Science roller coaster coursework

The roller coaster cars plummet on a foot drop, providing an instant adrenalin rush to riders. Roller coaster designers use their knowledge of biology, physics and psychology to create safe, yet exciting rides. Next time you board a roller coaster with your friends, educate and thrill them with a few scientific facts. G-Force Facts G-force is the force of gravity upon a body as it accelerates.

Science roller coaster coursework

Converting Potential Energy to Kinetic Energy www. A fresh, sharp blade will make cutting the insulation easier. Do your background research so that you are knowledgeable about the terms, concepts, and questions, above.

Cut the foam pipe insulation in half the long way to make two U-shaped channels. The illustration below shows the foam pipe insulation, end-on. The illustration above shows the cross-section at one end of the foam pipe insulation The insulation comes with one partial cut along the entire length.

Complete this cut with the utility knife yellow circle in the illustration above. Make a second cut on the other side of the tube yellow line in the illustration abovealong the entire length of the tube. You can use masking tape to attach pieces end-to-end to make the roller coaster track as long as you want.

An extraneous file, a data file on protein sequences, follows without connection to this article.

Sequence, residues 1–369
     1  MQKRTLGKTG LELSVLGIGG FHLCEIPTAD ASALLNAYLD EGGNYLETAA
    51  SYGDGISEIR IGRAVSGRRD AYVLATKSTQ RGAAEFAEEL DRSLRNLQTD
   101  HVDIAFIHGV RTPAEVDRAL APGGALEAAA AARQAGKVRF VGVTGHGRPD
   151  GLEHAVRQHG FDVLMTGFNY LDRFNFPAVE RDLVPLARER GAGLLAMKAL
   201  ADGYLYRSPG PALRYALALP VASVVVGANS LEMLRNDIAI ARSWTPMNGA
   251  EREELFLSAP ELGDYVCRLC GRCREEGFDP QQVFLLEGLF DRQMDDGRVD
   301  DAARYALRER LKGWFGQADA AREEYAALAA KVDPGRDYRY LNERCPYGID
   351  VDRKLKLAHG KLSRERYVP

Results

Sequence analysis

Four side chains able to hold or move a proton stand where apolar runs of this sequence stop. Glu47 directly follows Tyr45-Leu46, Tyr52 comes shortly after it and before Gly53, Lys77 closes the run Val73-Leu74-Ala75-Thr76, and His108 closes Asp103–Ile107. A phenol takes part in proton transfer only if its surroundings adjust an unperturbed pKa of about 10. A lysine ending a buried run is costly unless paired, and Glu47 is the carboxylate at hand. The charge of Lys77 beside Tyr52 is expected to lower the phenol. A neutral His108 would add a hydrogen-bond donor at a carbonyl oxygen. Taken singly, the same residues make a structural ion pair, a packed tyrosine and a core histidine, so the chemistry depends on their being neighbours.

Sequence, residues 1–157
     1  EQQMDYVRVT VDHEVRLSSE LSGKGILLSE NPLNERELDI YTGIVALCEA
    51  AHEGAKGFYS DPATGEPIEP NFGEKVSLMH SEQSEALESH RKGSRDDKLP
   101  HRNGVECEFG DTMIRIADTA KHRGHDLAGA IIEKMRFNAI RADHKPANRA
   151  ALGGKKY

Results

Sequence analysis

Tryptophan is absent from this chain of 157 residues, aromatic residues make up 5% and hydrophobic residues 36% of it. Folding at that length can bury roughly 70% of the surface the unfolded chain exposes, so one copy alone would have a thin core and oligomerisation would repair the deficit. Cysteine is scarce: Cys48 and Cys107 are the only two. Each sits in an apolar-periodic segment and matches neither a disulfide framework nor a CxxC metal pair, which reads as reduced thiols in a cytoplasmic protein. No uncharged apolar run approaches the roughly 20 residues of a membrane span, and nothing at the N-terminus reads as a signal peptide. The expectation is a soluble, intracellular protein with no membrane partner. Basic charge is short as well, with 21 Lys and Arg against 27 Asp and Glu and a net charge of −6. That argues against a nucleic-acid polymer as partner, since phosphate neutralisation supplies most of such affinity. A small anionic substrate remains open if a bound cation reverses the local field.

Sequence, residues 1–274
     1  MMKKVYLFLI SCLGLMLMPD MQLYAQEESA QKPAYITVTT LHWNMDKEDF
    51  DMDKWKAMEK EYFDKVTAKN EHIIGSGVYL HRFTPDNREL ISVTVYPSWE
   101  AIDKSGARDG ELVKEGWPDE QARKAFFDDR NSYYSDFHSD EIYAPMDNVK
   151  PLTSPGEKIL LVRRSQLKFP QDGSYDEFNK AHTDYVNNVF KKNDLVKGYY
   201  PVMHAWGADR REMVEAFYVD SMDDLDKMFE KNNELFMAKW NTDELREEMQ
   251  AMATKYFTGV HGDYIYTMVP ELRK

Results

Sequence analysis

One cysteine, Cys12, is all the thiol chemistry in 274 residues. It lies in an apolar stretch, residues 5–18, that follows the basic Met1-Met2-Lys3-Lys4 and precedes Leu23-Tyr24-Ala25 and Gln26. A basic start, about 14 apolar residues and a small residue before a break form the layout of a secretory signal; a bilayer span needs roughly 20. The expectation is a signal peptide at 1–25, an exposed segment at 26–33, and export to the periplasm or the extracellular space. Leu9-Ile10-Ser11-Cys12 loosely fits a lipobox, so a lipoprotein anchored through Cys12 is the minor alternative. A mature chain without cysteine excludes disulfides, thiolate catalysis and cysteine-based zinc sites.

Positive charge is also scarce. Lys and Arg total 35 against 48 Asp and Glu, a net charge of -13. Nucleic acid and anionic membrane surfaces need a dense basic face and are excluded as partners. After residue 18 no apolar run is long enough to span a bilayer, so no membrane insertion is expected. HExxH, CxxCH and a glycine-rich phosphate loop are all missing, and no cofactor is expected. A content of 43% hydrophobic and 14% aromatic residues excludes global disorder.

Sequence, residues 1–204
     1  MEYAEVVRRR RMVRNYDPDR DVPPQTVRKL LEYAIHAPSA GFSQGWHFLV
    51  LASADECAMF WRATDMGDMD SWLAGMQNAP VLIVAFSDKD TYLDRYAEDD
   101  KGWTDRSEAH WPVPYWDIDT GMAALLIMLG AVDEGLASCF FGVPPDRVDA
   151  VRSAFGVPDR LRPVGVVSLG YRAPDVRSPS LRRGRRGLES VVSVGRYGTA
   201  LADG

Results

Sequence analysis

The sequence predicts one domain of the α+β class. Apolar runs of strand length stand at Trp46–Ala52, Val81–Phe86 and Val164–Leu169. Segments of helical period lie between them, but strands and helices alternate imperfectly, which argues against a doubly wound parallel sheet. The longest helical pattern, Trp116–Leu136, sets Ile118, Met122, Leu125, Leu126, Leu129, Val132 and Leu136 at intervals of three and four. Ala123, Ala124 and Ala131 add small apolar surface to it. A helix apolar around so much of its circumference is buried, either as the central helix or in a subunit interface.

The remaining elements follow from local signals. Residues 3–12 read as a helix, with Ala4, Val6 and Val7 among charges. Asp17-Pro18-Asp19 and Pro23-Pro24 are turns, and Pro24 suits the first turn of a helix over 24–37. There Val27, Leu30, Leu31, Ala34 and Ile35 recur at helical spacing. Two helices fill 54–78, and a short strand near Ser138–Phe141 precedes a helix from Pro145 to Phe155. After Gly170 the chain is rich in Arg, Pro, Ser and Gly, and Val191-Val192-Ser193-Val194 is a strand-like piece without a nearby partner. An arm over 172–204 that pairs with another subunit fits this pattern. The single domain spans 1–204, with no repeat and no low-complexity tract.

To make a roller coaster track, tape two or more lengths of the foam U-channel together, end-to-end. The joint between the two pieces should be as smooth as possible.

Science roller coaster coursework

You can add curves, loops, and additional uphill and downhill sections. The illustration below shows two examples. The illustration above shows two different roller coaster tracks for marbles. How much height is needed at the starting point in order for the marble to loop the loop?

A good way to do this is to interrupt the foam track and direct the marble along a smooth, level surface e. Support the Masonite V with cardboard, beanbags, etc.

Use the stopwatch to measure the time it takes for the marble to travel a certain length along the Masonite track. Measure the height of the starting point for the track. Measure the mass of the marble. Calculate the gravitational potential energy of the marble at the starting point.

Run a single marble down the track 10 separate times. For each run, use your striped measuring stick and stopwatch to measure the velocity of the marble as it completes the track.

Calculate the average of your 10 measurements. More advanced students should also calculate the standard deviation. From your velocity measurement and the mass of the marble, calculate the kinetic energy of the marble.

Repeat the velocity measurement at various points on the track by cutting the track and allowing the marble to continue on in a straight line on a smooth surface.

Use your striped measuring stick and stopwatch to measure the velocity of the marble. If you like this project, you might enjoy exploring these related careers: Virtually every object that you see around you has passed through the hands of a mechanical engineer.